I recently saw a local news story about a young 18-year-old boy from Southwest Alabama who struggled with prescription drug abuse. He talked about how it started out small with just a few pain pills but his addiction spiraled out of control until he was seriously ill.
Thankfully this young man was able to seek treatment from a local drug abuse program, and now he is preparing to apply to college. Sadly, not every person who struggles with prescription drug abuse is so fortunate.
Studies show that approximately 46,000 Americans die because of a drug overdose each year, and young Americans are disproportionately impacted. That adds up to over 130 deaths a day.
It is safe to say our nation is facing a serious epidemic when it comes to prescription drug abuse, and the real issue is with opioids. An opioid is a type of narcotic derived from the opium poppy, which includes drugs such as morphine, codeine, hydrocodone, and oxycodone.
Opioids are also found in heroin, and many people who struggle with prescription drug abuse ultimately find themselves using heroin. This makes the epidemic even worse.
Overwhelmingly, the people who struggle with opioid addiction are not bad people or looking to break the law. The addiction often develops after someone is correctly prescribed pain medicine in response to an injury. In many of the stories I have heard, the addiction develops after a young athlete gets injured playing sports.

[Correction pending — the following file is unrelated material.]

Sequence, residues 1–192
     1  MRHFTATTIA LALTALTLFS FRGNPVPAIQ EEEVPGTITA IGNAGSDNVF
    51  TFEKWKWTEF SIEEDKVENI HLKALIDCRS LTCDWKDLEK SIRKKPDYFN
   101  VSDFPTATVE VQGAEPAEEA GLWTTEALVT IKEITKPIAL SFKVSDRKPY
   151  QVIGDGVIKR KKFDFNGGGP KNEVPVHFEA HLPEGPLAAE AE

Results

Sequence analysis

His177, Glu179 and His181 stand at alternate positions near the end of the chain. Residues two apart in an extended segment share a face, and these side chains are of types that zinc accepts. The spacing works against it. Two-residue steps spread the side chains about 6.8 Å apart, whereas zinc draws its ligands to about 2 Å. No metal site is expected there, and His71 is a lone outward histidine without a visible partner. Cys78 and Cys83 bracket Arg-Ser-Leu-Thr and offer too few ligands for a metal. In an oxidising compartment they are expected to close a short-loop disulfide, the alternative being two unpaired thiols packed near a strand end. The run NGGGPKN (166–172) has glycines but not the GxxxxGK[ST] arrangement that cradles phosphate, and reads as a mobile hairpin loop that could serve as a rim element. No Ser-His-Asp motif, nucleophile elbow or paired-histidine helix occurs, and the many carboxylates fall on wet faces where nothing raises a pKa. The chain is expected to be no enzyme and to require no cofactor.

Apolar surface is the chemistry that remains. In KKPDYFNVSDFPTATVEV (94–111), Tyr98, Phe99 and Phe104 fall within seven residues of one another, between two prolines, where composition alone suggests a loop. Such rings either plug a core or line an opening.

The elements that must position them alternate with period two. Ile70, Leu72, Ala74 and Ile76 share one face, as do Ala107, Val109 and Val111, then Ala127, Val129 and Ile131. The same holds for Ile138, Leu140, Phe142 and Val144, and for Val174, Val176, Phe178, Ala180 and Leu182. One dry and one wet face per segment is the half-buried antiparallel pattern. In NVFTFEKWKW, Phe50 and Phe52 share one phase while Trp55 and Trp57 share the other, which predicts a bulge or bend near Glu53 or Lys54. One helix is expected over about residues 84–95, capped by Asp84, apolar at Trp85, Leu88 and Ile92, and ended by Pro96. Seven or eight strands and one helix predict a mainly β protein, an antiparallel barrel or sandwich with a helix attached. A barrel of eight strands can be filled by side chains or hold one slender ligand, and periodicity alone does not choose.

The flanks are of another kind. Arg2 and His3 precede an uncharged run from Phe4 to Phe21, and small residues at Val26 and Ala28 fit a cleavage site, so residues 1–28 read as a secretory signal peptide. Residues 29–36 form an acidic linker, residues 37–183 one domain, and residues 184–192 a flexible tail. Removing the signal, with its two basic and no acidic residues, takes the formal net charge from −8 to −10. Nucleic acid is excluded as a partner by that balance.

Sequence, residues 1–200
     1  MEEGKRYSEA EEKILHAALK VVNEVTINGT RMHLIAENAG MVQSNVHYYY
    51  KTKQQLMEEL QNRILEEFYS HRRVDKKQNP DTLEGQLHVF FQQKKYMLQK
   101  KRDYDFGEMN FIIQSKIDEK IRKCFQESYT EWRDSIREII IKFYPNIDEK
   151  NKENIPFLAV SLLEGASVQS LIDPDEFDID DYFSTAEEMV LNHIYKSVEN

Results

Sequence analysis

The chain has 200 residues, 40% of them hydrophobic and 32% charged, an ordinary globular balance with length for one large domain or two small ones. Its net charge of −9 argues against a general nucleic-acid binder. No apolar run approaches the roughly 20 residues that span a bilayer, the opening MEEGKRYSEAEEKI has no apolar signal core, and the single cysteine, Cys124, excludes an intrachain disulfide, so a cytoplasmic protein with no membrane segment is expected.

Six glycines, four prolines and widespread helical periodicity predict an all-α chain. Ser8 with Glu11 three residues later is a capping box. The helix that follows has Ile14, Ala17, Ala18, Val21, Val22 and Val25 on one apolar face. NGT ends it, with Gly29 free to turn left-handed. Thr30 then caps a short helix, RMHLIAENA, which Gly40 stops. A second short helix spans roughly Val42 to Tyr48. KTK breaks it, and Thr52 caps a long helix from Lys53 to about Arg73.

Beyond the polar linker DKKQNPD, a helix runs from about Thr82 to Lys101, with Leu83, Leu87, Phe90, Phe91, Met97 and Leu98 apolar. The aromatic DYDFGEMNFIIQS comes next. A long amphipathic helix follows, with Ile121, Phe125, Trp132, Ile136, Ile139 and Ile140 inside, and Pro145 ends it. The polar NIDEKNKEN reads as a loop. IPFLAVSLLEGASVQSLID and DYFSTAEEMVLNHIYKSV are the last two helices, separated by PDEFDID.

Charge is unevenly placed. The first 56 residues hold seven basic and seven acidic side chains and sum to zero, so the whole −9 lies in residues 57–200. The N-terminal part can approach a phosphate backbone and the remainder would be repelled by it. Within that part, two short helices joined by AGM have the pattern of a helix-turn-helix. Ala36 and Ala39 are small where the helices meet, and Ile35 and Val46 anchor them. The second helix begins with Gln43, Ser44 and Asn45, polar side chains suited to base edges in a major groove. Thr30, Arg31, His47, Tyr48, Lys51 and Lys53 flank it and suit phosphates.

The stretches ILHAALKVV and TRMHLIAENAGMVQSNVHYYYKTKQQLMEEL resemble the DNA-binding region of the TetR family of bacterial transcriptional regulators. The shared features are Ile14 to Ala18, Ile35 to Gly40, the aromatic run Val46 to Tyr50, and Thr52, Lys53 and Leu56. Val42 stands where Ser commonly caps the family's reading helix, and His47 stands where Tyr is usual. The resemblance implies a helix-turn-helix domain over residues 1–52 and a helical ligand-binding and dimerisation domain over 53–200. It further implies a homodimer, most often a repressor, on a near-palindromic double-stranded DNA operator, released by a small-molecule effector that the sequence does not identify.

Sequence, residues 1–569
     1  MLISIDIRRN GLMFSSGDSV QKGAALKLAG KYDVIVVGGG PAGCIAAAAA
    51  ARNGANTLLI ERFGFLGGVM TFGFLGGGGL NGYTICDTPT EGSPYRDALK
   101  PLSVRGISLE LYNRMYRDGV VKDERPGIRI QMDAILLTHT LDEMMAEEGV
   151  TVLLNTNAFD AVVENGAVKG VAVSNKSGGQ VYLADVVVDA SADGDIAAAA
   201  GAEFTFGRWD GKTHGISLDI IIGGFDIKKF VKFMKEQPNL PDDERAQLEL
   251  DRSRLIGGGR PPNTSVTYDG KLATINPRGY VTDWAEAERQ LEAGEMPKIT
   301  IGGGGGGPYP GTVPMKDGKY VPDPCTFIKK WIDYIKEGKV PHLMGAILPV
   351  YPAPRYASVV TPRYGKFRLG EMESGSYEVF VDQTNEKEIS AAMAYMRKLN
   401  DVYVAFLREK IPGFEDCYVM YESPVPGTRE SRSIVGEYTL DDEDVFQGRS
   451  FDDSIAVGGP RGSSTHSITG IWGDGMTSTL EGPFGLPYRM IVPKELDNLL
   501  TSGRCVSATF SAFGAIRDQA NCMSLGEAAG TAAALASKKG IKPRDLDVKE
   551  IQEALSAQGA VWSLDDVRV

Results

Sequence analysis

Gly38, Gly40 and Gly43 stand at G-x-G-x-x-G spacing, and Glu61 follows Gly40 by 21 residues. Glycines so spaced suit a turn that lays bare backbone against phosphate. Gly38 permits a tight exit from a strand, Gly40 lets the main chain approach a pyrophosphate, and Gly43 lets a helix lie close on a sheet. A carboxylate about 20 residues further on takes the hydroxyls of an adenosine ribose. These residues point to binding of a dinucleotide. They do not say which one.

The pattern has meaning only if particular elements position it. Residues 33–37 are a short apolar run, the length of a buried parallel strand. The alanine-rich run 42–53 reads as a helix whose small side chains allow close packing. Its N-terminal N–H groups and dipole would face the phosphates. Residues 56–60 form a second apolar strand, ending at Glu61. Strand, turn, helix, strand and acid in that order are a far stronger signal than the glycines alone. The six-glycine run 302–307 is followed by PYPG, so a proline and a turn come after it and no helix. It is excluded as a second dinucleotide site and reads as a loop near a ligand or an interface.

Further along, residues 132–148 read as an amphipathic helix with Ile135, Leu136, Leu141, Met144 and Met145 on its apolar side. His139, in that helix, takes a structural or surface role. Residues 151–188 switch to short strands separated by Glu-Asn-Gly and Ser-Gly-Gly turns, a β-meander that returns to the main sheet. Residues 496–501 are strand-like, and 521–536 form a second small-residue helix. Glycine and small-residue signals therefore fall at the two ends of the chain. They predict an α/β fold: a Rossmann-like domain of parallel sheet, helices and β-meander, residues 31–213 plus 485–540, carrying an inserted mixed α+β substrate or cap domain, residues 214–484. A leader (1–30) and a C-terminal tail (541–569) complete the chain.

The opioid epidemic is real, and it is serious. The epidemic doesn’t discriminate about who it affects. It has hit rural areas and urban cities. It impacts the young and the old. It doesn’t care about skin color. Americans from every walk of life have experienced this heartbreaking epidemic one way or another.
In the House of Representatives, we have made it a top priority to address the opioid epidemic, and we are committed to doing so in a bipartisan fashion. Just a few weeks ago, the House passed a package of 18 bills designed to address different aspects of the opioid epidemic with large bipartisan votes.
A few of the bills would help veterans who are struggling with opioid abuse. It isn’t uncommon for a veteran to come back from combat with serious injuries that require pain medicine. These bills require the Department of Veterans Affairs to bring their pain management guidelines up-to-date while also strengthening education and training for medical professionals.
Another bill would create an interagency task force to update medical standards for doctors and create a path forward for pain management. The key is to find ways to treat those with chronic pain while reducing the likelihood of addiction to develop.
The Good Samaritan Assessment Act would reform our “good Samaritan” laws to make sure people are protected if they seek medical care for someone who has overdosed on illegal drugs.
Yet another bill is designed to study and improve treatment options for babies impacted by prescription drug abuse while they are still in the womb. This is a serious issue that hits our nation’s most vulnerable.
The Senate has passed their own opioid legislation, and a Conference Committee will work out the differences between the House and the Senate proposals and get a bipartisan bill to the President’s desk.
At the end of the day, the epidemic is too serious for us to just sit back and hope things get better. We must act to stop opioid abuse and ensure that people get the treatment they need.
This is an issue where we can come together — as Republicans and Democrats — to address an issue that impacts every single community in the United States, and that is exactly what we are doing.
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Bradley Byrne is a member of U.S. Congress representing Alabama’s 1st Congressional District.